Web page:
What makes Rawlsian analysis so insidious is his refusal to admit that what he is doing is constructing a government to reconstruct society.  For Rawls consistently portrays himself as constructing principles of action—and principles all of us must accept if we are to be consistent, rational thinkers. For Rawls does not merely argue for his cake, he attempts to prove that we all have accepted and so owe allegiance to the cake. The well-known device he uses is the “veil of ignorance.” Playing off of liberal social contract theory, Rawls argues that, because we are by nature kids possessed of a cake, we by nature would abstract ourselves from all of our individual characteristics (race, sex, abilities, work ethic—everything) when deciding how to cut “it” (meaning society) up.  And that means that all of us, all the time, have to accept the kind of society, as well as the particular policies at every point in time, that would result from a choice made from behind the veil of ignorance.  We always, he argues, would insist on basic liberties, but also on equality, and on arranging all inequalities to the benefit of the worst off among us where public goods (code for stuff and opportunities like jobs and job advancement) are concerned.  This is what we would have accepted, so we will be taken as having accepted it, so when the government takes things from us to give to others it considers more deserving, we already have consented to its doing so.

This characterization no doubt seems a bit unfair and overwrought. And I would not want to overemphasize the totalitarian possibilities inherent in Rawls’ scheme.  It is social democracy, which is what we are in the process of getting right now, and that certainly is a softer form of tyranny than Stalin’s.  But the implications remain dark.  For Rawlsian analysis says that those who disagree are, at best, irrational, lacking common sense, and so to be pitied, not welcomed into a conversation. Rawls admitted, later in life, that his system is built on essentially liberal assumptions.  This was, of course, in response to criticisms from his left—those who thought him not radical enough. And the result is a legal discourse that questions the value of the procedural safeguards he accepts that would protect individuals from the full brunt of fights over the cake.  Arguments now arise to the effect that “you got more cake last time, so we should have more this time.”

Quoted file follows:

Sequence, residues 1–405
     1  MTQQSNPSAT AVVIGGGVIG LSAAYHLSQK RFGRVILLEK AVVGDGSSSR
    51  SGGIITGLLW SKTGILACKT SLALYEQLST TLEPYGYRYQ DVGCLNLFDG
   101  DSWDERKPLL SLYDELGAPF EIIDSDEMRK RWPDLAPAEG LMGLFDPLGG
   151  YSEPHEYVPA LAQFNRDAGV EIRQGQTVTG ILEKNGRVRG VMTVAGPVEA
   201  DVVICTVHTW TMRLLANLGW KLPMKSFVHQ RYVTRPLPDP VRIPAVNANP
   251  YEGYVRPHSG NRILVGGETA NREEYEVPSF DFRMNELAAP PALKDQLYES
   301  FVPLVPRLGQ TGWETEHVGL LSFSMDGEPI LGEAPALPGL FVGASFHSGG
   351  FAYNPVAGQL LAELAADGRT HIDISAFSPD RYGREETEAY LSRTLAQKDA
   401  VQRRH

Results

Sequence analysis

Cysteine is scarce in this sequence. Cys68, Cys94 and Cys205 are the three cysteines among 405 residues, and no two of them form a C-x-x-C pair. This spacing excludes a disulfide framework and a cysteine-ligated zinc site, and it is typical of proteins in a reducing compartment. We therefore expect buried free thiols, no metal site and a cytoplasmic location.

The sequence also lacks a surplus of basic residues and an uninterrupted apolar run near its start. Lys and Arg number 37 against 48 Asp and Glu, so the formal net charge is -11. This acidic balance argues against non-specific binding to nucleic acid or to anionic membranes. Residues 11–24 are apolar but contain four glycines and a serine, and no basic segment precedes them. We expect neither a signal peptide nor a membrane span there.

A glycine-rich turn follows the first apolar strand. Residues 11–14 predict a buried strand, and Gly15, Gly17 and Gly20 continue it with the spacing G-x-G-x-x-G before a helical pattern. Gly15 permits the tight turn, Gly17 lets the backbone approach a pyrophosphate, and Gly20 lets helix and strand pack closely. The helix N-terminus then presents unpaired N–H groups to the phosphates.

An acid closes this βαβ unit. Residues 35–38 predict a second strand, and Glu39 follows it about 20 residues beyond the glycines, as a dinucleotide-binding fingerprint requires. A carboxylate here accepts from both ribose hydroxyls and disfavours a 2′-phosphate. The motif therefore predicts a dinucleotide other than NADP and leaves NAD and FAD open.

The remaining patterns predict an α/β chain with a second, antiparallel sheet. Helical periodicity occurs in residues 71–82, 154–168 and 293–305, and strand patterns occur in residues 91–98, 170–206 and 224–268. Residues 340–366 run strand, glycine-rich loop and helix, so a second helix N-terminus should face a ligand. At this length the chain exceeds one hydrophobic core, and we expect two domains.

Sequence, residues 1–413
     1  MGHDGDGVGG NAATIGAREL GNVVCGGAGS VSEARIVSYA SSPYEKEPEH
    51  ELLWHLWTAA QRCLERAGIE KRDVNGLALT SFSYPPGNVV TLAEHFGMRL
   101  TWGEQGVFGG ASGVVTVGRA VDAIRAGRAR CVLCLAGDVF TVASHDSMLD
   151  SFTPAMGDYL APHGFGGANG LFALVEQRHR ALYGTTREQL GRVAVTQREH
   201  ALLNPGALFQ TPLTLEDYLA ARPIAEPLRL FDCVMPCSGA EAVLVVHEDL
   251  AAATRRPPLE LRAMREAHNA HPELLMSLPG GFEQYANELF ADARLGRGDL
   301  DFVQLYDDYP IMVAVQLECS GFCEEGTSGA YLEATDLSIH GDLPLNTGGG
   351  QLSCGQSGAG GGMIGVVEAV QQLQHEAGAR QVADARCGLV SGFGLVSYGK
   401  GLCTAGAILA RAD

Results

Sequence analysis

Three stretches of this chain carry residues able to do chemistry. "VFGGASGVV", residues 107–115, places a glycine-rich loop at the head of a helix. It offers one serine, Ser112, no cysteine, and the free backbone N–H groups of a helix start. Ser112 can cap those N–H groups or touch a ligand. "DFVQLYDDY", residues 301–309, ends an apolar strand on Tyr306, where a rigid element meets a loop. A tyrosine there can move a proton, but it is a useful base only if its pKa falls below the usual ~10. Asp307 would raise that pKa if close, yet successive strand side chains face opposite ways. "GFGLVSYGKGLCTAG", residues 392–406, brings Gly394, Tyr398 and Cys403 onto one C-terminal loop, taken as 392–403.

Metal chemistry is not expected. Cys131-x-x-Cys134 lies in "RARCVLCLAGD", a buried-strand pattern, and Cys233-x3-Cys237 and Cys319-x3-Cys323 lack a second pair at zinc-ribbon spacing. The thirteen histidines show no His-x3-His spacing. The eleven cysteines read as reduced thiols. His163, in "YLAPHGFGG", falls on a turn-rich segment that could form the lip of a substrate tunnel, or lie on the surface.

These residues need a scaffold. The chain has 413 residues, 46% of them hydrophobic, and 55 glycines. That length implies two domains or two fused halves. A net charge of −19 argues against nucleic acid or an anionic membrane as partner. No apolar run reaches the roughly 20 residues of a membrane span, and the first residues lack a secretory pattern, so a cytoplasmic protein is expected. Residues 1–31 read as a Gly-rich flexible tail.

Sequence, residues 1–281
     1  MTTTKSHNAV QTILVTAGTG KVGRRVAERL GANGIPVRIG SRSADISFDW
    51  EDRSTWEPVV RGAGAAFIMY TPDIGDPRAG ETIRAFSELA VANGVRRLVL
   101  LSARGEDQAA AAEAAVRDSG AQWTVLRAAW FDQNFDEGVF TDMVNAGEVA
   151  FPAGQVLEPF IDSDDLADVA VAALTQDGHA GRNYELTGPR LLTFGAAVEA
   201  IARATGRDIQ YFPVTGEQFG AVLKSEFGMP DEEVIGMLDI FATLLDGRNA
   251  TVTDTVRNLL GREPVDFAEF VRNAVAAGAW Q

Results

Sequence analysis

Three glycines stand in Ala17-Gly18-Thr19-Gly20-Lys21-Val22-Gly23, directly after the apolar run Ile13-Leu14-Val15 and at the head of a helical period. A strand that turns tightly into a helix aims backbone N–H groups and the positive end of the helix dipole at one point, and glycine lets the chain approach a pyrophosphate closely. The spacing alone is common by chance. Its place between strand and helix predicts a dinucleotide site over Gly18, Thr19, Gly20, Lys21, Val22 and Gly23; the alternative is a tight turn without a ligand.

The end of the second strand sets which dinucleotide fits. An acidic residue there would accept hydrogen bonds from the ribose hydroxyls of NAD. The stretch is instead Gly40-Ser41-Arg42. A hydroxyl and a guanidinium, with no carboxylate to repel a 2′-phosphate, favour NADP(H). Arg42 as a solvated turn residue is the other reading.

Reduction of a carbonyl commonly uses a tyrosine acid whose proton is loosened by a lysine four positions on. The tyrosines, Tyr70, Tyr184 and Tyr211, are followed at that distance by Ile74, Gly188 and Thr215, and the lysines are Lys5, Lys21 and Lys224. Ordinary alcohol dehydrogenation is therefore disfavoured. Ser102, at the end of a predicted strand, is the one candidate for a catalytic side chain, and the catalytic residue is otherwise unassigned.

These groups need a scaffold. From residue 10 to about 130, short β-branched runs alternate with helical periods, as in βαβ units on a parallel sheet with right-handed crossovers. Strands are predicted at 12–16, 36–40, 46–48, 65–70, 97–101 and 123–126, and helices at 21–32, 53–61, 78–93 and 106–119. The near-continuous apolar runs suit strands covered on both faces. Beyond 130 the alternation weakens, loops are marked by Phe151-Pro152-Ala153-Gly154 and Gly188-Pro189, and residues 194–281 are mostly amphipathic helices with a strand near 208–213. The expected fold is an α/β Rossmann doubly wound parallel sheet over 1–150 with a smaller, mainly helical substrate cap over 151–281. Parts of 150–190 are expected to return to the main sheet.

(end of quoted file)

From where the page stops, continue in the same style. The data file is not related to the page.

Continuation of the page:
Law is an important social institution, by nature aimed at helping us organize our common lives by integrating reason with experience in light of our shared customs and beliefs. Justice is a crucial goal of law, which is intended to protect the reasonable expectations of people and communities as they face the inevitable conflicts of social life.  But human law is deeply embedded in the culture of a people—including its conceptions of the common good.  And this means that attempts to use it as a tool for achieving particular goals can be both highly disruptive of the social order and highly unpredictable in their effects.  Now that the vast majority of those studying the law reject our social order as fundamentally unjust and seek to use law as one tool among many (e.g. “civil disobedience”) to secure the things they assume are good, there is little to discuss in “jurisprudence” and, sadly, much about which to argue and fight.  And that is a loss for us all.

Books on the topic of this essay may be found in The Imaginative Conservative Bookstore.


[1] I refer in particular, here, to Mark Tushnet, “An Essay on Rights,” 62 Tex. L. Rev. 1381 (1984).